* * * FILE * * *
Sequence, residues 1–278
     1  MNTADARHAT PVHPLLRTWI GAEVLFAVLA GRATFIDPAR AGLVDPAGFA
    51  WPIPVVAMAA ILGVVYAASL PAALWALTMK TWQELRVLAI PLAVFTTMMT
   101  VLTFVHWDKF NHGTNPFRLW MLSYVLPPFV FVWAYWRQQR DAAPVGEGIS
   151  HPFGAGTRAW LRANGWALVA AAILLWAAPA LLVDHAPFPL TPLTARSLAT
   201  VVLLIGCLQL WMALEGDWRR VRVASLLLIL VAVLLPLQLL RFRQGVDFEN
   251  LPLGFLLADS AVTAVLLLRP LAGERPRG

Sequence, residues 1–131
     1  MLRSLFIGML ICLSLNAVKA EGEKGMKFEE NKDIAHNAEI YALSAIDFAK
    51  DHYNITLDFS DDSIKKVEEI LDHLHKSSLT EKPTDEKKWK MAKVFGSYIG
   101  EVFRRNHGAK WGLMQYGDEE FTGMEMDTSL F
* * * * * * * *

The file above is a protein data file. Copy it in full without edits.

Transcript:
Sequence, residues 1–278
     1  MNTADARHAT PVHPLLRTWI GAEVLFAVLA GRATFIDPAR AGLVDPAGFA
    51  WPIPVVAMAA ILGVVYAASL PAALWALTMK TWQELRVLAI PLAVFTTMMT
   101  VLTFVHWDKF NHGTNPFRLW MLSYVLPPFV FVWAYWRQQR DAAPVGEGIS
   151  HPFGAGTRAW LRANGWALVA AAILLWAAPA LLVDHAPFPL TPLTARSLAT
   201  VVLLIGCLQL WMALEGDWRR VRVASLLLIL VAVLLPLQLL RFRQGVDFEN
   251  LPLGFLLADS AVTAVLLLRP LAGERPRG

Sequence, residues 1–131
     1  MLRSLFIGML ICLSLNAVKA EGEKGMKFEE NKDIAHNAEI YALSAIDFAK
    51  DHYNITLDFS DDSIKKVEEI LDHLHKSSLT EKPTDEKKWK MAKVFGSYIG
   101  EVFRRNHGAK WGLMQYGDEE FTGMEMDTSL F